When I was a kid, we never ate chard.  But while working on a fishing boat owned by the Moonies (long story), I was introduced to this delicious green.  It’s such a beautiful vegetable, especially red chard, that when I finally started vegetable gardening, I had to try it.  Unfortunately, for some reason, I couldn’t get the red variety to grow.  Oh, it would grow, sort of, but never the glorious bunches shown in all the catalogues and vegetable gardening books.  So even though I have a decent plot, I’d find myself buying swiss chard at the market.  Then a few years ago the store started carrying a white stemmed green chard that always looked way better than the red chard, and I thought I might be able to figure out what variety it was and grow it.  And I did, and I have been having amazing success with chard ever since.  This vigorous variety is Fordhook Giant, an oldie but goodie. I usually harvest the outer leaves regularly throughout the growing season, and it just keeps growing and growing, from early spring until after the first frost of fall.  I’ve read that in more mild climates it will grow all through the winter, and I wonder if with some protection I could keep it going.

I’ve been starting my chard indoors in February, with my onions and lettuce, to get the earliest jump on the season.  However, last fall while experimenting with my cold frame, I planted swiss chard seeds.  They never germinated and I forgot all about them.  Then in early March, while checking things out, I noticed the chard growing.  At first I thought, what the heck is that and how did it get there?  But then my creaky middle-aged brain finally kicked in and a vague recollection of planting chard seeds appeared.  I continued to plant my planned patch this spring, but let those fall sown plants grow.  I have to say, they are bigger and more vigorous than the ones I started indoors.  I also found a couple of “spontaneously generated” chard plants in my other bed.  Did I plant them or are they self-sown?  We will never know, but they, too are very strong.  So I think that chard is probably better directly sown in the soil, although I did do that my first year growing Fordhook Giant, and the reverse seemed to be true.  Maybe the answer is that chard seeds like to sit in the soil all winter, and then germinate?  That seems like leaving your chard production up to a lot of chance, and I don’t know if I have the courage for that.  If I tried that system, I’d probably still start them indoors to hedge my bets, and then wind up with even more chard than I have now, (which is 20 plants).  DH says, do we really need that much chard?  Maybe not, but I’m sure my friends and family will be happy in about a month or two.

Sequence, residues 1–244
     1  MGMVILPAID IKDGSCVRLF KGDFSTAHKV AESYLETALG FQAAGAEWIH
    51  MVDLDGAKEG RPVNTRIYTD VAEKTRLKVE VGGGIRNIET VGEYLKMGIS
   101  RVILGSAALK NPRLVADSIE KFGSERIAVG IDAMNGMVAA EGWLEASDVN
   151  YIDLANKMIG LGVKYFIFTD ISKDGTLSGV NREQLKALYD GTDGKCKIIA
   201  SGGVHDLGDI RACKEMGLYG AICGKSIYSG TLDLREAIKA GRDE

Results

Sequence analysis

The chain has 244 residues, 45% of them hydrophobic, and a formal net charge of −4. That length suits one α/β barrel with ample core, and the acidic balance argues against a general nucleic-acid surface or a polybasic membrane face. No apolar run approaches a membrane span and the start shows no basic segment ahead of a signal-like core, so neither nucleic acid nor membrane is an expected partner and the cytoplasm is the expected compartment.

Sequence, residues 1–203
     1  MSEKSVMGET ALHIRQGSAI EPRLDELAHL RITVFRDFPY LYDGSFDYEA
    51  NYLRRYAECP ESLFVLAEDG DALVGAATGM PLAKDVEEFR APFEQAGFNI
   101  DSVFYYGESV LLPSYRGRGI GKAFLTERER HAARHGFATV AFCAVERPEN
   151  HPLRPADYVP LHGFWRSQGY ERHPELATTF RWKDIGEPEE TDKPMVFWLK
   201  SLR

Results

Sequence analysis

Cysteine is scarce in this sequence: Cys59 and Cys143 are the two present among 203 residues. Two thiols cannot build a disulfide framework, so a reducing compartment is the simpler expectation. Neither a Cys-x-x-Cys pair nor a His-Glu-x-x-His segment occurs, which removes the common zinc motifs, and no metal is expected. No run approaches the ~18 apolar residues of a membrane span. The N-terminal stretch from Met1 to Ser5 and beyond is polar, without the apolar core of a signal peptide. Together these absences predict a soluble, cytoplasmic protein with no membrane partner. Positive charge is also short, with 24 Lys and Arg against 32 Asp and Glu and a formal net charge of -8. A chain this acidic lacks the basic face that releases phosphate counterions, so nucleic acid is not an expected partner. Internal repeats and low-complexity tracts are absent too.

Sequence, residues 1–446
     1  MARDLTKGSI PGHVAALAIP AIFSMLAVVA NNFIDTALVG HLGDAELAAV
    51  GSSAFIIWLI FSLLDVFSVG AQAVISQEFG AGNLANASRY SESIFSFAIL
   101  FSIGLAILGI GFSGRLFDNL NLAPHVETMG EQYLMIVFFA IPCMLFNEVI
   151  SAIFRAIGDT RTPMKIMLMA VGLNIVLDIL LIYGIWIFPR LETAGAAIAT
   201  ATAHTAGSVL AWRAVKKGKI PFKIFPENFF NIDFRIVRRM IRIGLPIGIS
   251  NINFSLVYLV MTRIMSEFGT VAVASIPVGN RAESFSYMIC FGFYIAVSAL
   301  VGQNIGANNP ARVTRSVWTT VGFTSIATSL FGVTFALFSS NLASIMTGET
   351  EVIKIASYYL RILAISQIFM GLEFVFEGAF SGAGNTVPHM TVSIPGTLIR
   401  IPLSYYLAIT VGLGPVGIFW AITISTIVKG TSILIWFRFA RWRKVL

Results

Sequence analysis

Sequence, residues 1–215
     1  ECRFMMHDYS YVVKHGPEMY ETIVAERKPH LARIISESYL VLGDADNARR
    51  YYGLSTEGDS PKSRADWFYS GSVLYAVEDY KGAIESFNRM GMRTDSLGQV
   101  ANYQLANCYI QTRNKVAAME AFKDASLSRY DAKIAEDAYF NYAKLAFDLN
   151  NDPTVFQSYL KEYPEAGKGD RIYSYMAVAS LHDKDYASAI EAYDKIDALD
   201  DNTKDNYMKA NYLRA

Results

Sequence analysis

The biggest problem I have with chard is those pernicious leaf miners.  They have destroyed a lot of lovely leaves with their tunnels.  I bought some floating row covers this year, thinking I would cover my plants to protect them from this pest, but when it came down to it I’d rather see the plants than the covers, and take my chances with the bugs.  I read somewhere that the best way to defeat the leaf miners (other than row covers) is to be really vigilant about removing infested leaves, and throwing them out in the garbage (not composting).  I’d hate to jinx myself, but that’s what I’ve been doing this year and it seems to be working.  I just had my first big harvest this week, and it was delicious.  I cooked it with onions and garlic in olive oil, and then threw in some capers and chicken broth at the end and served it over pasta with some parmesan.   I like it to be completely wilted because the leaves can sometimes be a bit bitter, but that’s tamed if you cook it thoroughly.  Last year I discovered that it is especially good if you with shitakes, but it is also good just cooked with garlic and oil.  For anyone who wants to read even more about this leafy green, I recommend the following post on the blog, In My Kitchen Garden, which has pretty much everything you need to know about chard.


Finally, when harvesting the chard I use the same technique I talked about in my broccoli raab post.  I harvest the leaves in the morning and stand them up in a bowl of water.  They will keep this way for at least 3 days, maybe more, and instead of languishing in the fridge, will be an active reminder for you to cook it.